Atlas of plant and animal histology

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Plant organs

STEM

The stem is the aerial part of the plant that support other aerial organs like leaves, flowers, fruits and seeds. Some species have underground stems. Other functions of the stem are conducting substances, photosynthesis and storing. The final morphology of the stem (height, width, robustness, branching pattern) depends on the interaction between the genetic information and environmental conditions.

In the embryo, the stem is known as plumule. Epicotyl is the embryo shoot above cotyledons, and it has the caulinar meristem at the tip, which is protected by undifferentiated leaves known as primordial leaves. After germination, the caulinar apical meristem is responsible for the increase in length of the stem, forming the nodes and internodes (Figure 1). Nodes are the places where the leaves and lateral branches are inserted. The axillary buds are composed of a group of cells that form a meristm and several primordial leaves protecting the meristem. Axillary buds are found at the insertion point of leaves and lateral branches in the nodes and give rise to lateral branches and flowers. Internodes are the stem regions between nodes. They lack lateral organs. It can be said that the stem is made up of nodes, internodes and axillary buds tidily arranged. Phytomer consists of a node, an internode region and axillary buds that is repeated along the stem. This modular design facilitates the construction of shoots and plant adaptation to the environment.

Stem
Figure 1. Stem structure.

Two types of growing happen in stems: primary and secondary. Primary growth is found in the initial growing of every stem, when the stem tissues are directly differentiated from the shoot apical meristem. This meristem is more complex that the root apical meristem because it gives rise to all stem tissues, leaf primordia and axillary buds of the nodes. It means that it is responsible for all the lateral organs of the stem. The shoot apical meristem does not show any protective covering. Intercalary meristem is derived from the shoot apical meristem. It is first found in the internode region and later at the base, close to the node. Most of the growing in length of the stem is derived of the activity of the intercalary meristem. Most dicot and gymnosperm plants show a secondary growth, which increases the diameter of the stem. This growing is produced by the activity of secondary meristems: vascular cambium and cork cambium. In monocot plants, the secondary growth is supposed that was lost during evolution because all the procambium is differentiated in vascular tissue, instead of remaining as undifferentiated tissue. However, some monocot plants have developed a lateral meristem, known as peripheral growing meristem, which produces vascular bundles with the phloem wrapped by the xylem.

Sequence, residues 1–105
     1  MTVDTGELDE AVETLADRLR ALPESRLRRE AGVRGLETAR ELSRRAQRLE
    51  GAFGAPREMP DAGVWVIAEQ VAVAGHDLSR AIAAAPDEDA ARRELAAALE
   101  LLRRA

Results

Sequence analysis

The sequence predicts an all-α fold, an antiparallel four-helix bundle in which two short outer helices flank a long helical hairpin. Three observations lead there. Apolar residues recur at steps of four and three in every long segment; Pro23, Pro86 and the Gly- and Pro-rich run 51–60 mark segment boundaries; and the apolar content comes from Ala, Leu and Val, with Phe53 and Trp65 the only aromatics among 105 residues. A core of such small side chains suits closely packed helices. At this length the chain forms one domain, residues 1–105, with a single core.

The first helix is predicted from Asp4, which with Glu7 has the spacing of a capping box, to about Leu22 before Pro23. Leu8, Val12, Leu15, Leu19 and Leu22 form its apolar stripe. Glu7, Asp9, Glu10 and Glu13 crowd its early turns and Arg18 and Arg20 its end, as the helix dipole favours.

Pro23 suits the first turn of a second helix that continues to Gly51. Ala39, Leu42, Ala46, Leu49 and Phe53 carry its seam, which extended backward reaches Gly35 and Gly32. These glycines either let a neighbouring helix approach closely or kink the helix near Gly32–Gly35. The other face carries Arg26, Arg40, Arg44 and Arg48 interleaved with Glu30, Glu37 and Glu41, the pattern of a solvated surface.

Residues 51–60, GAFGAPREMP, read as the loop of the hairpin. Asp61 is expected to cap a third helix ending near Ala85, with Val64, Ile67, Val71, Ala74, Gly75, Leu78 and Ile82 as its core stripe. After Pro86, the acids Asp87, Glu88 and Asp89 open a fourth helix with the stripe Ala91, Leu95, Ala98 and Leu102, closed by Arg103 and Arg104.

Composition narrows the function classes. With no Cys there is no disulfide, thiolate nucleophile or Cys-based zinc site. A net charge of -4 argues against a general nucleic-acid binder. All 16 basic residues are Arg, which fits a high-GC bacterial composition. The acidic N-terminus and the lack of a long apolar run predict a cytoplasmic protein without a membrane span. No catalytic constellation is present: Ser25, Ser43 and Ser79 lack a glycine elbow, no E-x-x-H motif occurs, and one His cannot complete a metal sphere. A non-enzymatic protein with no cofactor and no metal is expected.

The branches of the stem emerge from the axillary buds. However, those axillary buds close to the shoot apical meristem do not form branches because it releases inhibitory substances. This inhibition is known as apical dominance. As the shoot grows in length the shoot apical meristem separates from the already formed axillary buds, and the apical dominance gets attenuated. Thus, axillary buds develop into branches. There are plants without lateral branches, like palms.

In some plant species, there are specialized structures in the stem, such as tendrils of ivy and vine , which are intended for support. There are also thorns in rose stems for protection (thorns are not modified leaves), and cladodes of Asparagales that work as leaves, but they are not.

Besides conduction and support, stems may be specialized in other functions. In some species the stem is a sophisticated storing organ. For example, potatoes have underground stems specialized in storing starch, which are what we eat. Most of a potato is actually storage parenchyma under the epidermis. The potato "eyes" are the axillary buds. Other species have the stem partially buried and the aerial parts are lost during winter. Thus, the underground stem survives the winter and sprouts new aerial organs in wpring. These stems are known as corms. Some xerophytes have stems specialized in storing water. The stems of prickly pears (cactus) look like large and thick leaves, but actually the leaves are the spines.

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